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Catholics and Protestants: what they believe and why it matters

Some 76% of Americans identify themselves a Christians: 25% are Catholics, while 51% are Protestants. What is the difference? Why does it matter today?

Catholic history

During the "apostolic" era (AD 30-100), the Christian movement was confronted by three significant religious powers. Roman religion insisted on the worship of the emperor, embraced an eclectic, polytheistic theology, and emphasized form and ceremony over moral standards. Greek religion separated the spiritual from the material, with a strong rationalism and an impoverished morality. Judaism had been scattered out of Palestine for generations and especially after the fall of Jerusalem in AD 70, establishing synagogues as it spread. The expanding Church took advantage of these settlements and the universal peace, roads, language, and hunger for truth and morality which pervaded the Empire.

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World Religions: what do they believe?

Intelligence officials have been warning Congress that a terrorist plot is coming against Europe and America. FBI Director Robert Mueller recently told a hearing of the Senate Homeland Security and Governmental Affairs Committee, "Despite the significant counterterrorism pressure abroad, al Qaeda continues to be committed to high-profile attacks directed at the West, including plans against Europe as well as the homeland."

Mueller also told the Committee that groups and people inspired by al-Qaida are switching to smaller-scale attacks which are easier to plan and carry out. They understand, according to Mueller, that "launching a large attack, perhaps a more devastating attack, is not worth the additional effort when you can get substantial coverage and impact with smaller attacks."

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The Abrahamic Faiths: why can't Jews, Christians and Muslims get along?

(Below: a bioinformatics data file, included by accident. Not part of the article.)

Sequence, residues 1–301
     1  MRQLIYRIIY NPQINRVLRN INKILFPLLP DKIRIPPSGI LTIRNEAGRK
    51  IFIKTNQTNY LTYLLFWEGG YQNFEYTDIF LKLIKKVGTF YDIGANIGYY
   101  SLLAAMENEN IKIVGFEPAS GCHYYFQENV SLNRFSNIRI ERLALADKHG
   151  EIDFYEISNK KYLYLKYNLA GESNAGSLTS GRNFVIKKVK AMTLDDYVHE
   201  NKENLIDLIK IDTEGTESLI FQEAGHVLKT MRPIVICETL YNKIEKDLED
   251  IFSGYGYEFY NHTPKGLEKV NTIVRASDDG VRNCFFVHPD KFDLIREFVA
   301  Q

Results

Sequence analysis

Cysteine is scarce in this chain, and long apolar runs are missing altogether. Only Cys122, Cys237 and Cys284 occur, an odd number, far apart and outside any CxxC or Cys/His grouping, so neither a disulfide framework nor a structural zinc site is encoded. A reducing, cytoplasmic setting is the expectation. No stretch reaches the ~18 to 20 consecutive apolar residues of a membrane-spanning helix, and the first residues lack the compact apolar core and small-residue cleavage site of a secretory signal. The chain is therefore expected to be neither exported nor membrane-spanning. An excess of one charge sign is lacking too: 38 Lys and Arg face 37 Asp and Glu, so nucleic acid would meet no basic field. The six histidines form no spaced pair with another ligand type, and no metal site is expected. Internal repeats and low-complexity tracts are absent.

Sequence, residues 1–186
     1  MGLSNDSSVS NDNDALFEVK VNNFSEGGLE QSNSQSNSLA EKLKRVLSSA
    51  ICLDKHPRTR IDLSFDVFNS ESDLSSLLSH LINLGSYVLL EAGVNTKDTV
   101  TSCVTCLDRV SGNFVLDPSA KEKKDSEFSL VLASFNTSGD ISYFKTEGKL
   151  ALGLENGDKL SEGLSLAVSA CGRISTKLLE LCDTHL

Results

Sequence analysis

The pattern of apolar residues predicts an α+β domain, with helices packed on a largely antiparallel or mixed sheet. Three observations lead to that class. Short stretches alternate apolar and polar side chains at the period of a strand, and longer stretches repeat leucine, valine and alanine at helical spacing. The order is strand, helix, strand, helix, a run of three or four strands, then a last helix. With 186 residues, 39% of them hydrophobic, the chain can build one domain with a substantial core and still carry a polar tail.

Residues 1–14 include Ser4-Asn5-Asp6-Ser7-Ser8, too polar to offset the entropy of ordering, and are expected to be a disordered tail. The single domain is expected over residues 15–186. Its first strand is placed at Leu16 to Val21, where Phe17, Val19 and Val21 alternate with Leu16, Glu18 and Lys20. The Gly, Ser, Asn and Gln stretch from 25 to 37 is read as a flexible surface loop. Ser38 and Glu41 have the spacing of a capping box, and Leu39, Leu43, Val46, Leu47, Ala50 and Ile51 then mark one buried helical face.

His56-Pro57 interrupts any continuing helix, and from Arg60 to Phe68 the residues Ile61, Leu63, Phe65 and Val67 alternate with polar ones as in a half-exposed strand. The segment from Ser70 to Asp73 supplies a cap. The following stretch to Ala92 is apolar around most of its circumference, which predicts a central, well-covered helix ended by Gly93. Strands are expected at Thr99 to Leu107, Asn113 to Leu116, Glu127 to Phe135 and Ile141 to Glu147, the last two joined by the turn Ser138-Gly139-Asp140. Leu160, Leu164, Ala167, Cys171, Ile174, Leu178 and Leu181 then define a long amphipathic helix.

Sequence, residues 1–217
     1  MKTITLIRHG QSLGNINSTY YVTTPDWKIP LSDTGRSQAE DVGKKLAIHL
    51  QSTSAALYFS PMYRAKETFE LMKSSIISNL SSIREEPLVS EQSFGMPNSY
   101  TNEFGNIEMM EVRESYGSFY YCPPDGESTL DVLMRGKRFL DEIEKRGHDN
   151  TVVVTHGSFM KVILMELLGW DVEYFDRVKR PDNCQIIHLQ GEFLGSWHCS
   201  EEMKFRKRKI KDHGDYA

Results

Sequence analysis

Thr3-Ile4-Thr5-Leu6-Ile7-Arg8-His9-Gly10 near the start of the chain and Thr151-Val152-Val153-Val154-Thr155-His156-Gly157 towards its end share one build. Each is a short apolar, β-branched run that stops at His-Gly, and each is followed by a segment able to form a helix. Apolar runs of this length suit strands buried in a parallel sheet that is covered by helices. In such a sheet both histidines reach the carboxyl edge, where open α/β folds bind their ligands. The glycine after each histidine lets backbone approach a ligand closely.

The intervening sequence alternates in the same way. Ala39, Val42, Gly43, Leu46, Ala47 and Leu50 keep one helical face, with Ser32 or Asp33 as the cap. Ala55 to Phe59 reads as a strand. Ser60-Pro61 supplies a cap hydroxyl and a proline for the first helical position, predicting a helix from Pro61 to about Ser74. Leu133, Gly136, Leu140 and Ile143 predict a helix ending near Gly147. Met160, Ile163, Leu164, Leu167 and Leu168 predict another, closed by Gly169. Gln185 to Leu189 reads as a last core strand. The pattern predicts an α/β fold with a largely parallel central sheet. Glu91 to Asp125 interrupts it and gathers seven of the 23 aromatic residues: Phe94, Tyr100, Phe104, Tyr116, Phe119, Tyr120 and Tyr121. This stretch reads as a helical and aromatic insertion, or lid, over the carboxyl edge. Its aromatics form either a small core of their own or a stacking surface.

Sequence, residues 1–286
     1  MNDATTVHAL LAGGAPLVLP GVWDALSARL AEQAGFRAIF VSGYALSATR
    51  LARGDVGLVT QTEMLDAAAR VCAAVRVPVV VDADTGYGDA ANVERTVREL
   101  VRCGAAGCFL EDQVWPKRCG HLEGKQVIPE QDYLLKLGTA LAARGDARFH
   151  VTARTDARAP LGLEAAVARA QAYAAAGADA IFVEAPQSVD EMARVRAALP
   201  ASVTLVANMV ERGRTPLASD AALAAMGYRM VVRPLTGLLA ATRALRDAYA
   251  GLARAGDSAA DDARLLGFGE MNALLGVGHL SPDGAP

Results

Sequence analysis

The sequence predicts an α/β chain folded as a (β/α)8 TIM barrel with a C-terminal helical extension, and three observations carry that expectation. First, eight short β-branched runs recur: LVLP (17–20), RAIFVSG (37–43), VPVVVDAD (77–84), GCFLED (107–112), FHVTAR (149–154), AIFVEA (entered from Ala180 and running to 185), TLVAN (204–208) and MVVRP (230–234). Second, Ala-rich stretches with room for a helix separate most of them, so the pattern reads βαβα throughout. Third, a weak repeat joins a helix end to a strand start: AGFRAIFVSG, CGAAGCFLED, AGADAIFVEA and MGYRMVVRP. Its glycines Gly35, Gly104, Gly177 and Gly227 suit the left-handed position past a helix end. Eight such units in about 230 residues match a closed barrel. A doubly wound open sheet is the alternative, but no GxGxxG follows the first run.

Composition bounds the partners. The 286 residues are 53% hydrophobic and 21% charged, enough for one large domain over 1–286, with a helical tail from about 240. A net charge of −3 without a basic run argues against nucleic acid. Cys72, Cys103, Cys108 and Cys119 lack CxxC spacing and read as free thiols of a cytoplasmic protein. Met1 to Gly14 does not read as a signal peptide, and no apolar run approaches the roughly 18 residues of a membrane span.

Intelligence officials have been warning Congress that a terrorist plot is coming against Europe and America. FBI Director Robert Mueller recently told a hearing of the Senate Homeland Security and Governmental Affairs Committee, "Despite the significant counterterrorism pressure abroad, al Qaeda continues to be committed to high-profile attacks directed at the West, including plans against Europe as well as the homeland."

Mueller also told the Committee that groups and people inspired by al-Qaida are switching to smaller-scale attacks which are easier to plan and carry out. They understand, according to Mueller, that "launching a large attack, perhaps a more devastating attack, is not worth the additional effort when you can get substantial coverage and impact with smaller attacks."

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Why do they still hate us?

Supporters of al Qaeda leader Osama bin Laden, who was killed on Monday in a U.S. special forces assault on a Pakistani compound, burn a replica of a U.S. flag during a rally of more than 100 people in Multan May 4, 2011. (Credit: Reuters/Stringer)On September 11, 2001, 19 terrorists flew planes into New York City's World Trade Center, the Pentagon, and a field in Pennsylvania. The worst terrorism attack in U.S. history killed 2,973 people. We have now been fighting in Iraq and Afghanistan longer than any war in American history.

Ten years after 9/11, most Americans still don't understand why Muslim terrorists hate us.

Islam is front-page news every day. 1.4 billion people, 19% of the world's population, are followers of the Muslim faith. There are more Muslims in America than Episcopalians or Presbyterians. Muslims now outnumber Jews in our country and constitute the second-largest religion in America. There are more than 1,100 mosques around the country.

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Explaining the Arab Spring

An opposition supporter flashes the victory sign as he holds an Egyptian flag atop a lamp post near a mosque in Tahrir Square in Cairo February 7, 2011. (Credit: Reuters/Yannis Behrakis)At the first of 2011, who of us would have imagined that Egyptian president Hosni Mubarak would be displaced by a pro-democracy movement fueled by social media? Or that activists would oust the dictator of Tunisia, force the leader of Jordan to replace his government, and fill the streets of Tehran and Tripoli with demonstrators? How did this unprecedented uprising in the Arab world begin? What is its relevance to the rest of the world? What is its spiritual significance?

In 2005, a group in Egypt organized "Youth for Change," but many tried working through established parties without success. In 2008 the group attempted to organize isolated labor strikes, but bad weather and police crackdowns defeated their efforts. A year ago, their movement gained a strategic ally when Wael Ghonim, the now-famous Google marketing executive, joined their ranks.

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